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BWW Reviews: Martha Graham MYTH and TRANSFORMATION


On March 3, The Martha Graham Dance Company finished its season, entitled "Myth and Transformation," at the JoyceTheater. Since the company lost many of their costumes and sets to Hurricane Sandy, the great legacy Martha Graham-- that force of nature and company founder--created, has been tested. However, this year's engagement proved to be the gift that legacies are built on.

Sunday's performance began with the classic Cave of the Heart (1946), inspired by the Medea legend. The dance opens with the enigmatic and passionate dancer, Katherine Crockett, warning that there is danger afoot. It is evident that Medea, the powerful and scorned sorceress, chooses to use the destructive powers of love to destroy her rival. However, all her venom hits a brick wall when it comes to the protective shield that Jason, danced by Ben Shultz, provides for his lovely, vulnerable princess, danced by the delicate Iris Florentiny.

The performance belonged, deservedly, to Medea, Miki Orihara. Her lines were clear and distinct, her passion and rage terrifying. When they talk of a performance for the ages, this is definitely one of them.

Contemporary Italian choreographer, Luca Viggetti, offered From the Grammar of Dreams. Although I wasn't sure what the piece was about, I appreciated the phenomenal dancers performing it. Strangely enough I was reminded of my favorite Kung Fu movies, where opposing schools meet in the center of the street and compete with incredible feats of lyricism, power and strength. The five women--Peanut Chien-Pott, Mariya Dashkina Maddux, Blakely White McGuire, Xiaochuan Xie and Ying Xin--were equals in precision, strength and control. Tough women!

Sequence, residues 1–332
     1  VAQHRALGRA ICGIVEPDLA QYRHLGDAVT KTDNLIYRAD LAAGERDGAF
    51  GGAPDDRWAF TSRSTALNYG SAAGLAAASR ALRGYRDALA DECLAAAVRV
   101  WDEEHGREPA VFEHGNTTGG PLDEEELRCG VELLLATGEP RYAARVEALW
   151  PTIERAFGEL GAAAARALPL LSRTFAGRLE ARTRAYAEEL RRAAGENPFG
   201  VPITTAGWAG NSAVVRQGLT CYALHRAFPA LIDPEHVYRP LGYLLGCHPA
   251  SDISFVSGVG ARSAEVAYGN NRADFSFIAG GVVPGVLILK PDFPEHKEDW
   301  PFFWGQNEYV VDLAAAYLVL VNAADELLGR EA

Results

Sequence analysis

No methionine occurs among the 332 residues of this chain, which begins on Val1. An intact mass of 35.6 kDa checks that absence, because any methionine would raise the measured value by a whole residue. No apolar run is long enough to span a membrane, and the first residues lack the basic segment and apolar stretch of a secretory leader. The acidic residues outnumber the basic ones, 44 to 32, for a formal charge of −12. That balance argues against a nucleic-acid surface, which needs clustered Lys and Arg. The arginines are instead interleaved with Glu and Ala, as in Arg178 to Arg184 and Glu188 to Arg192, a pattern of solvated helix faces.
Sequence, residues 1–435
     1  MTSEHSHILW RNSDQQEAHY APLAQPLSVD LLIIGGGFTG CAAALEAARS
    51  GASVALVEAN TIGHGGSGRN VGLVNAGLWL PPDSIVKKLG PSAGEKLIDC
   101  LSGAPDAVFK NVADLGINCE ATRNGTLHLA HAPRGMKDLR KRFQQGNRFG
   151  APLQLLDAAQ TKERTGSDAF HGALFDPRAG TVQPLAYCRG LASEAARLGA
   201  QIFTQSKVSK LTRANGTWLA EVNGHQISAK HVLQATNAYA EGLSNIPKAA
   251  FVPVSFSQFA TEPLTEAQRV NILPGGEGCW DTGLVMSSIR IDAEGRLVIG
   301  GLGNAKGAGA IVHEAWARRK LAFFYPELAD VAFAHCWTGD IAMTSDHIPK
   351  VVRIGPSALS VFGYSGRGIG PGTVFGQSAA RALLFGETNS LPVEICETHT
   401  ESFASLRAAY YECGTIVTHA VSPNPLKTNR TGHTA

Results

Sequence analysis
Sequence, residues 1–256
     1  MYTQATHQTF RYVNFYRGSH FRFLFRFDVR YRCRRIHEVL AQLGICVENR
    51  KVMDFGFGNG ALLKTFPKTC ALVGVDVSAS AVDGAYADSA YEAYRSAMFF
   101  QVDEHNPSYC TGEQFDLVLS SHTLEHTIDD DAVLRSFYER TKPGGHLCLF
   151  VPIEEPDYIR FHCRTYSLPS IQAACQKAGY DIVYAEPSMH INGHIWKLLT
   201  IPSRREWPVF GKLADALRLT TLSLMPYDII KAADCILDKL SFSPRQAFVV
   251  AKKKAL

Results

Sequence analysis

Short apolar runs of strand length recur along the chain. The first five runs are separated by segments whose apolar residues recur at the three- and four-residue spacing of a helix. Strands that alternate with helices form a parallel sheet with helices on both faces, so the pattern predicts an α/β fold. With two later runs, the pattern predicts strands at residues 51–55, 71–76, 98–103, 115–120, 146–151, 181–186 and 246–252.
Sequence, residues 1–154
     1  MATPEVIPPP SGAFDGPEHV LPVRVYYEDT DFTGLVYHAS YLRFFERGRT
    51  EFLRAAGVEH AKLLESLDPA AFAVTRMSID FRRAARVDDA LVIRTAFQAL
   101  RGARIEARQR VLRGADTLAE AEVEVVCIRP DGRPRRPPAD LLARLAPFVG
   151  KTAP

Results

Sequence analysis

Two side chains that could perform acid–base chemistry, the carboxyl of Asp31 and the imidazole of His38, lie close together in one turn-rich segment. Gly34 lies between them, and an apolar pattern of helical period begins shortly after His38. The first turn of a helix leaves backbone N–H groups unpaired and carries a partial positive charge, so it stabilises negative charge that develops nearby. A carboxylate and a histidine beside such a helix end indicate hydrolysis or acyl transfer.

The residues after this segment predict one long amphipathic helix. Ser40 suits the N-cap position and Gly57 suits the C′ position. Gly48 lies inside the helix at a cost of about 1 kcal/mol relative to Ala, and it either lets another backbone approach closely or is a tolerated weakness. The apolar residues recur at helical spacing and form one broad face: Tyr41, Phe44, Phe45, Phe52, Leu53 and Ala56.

The Lamentation Variations-- based on an early 1930s film featuring Martha Graham dancing her iconic solo, Lamentation--was performed. This was an unusual piece: different choreographers were invited to create a movement study in response to the film for the current Graham Company. The results were decidedly mixed.

I loved the tenderness of the Pagarlova Variation. It was silent, touching and spiritual. Mariya Dashkina Maddux, Lloyd Mayor, Maurizio Nardi and Ben Shultz complemented each other beautifully. They fused a gentle piece of oneness, while supporting a strong structure of togetherness. The Rainer Variation was totally lost on me. I found my mind wandering for long stretches, even with Janet Eilber and Katherine Crockett on stage. It was not their fault; they were dealing with a banal piece that had nothing to say. The Varone Variation was fascinating. Watching Tadej Brdjnik, Abdiel Jacobsen, Lloyd Knight and Maurizio Nardi falling like dominoes, yet never hitting the ground, was engaging. The men were strong, yet yielding, performing a perfect balance of continuous movement as if it were one body, uncoiling infinitely to form an amazing kinsmanship of male counterparts.

A special treat for the evening was Variations of Angels, film homage to Martha Graham's Diversion of Angels. I was moved by hearing Graham's voice expressing her deepest feelings and inspirations. The footage revealed that Martha Graham was confident that "there is always one person to whom you speak to in the audience." Be assured that Graham spoke to millions.

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From This Author - Elisa Kimble

Elisa L. Kimble is a performing artist, freelance writer. In addition to writing for Elisa writes for Precious Times magazine as the music editor. (read more...)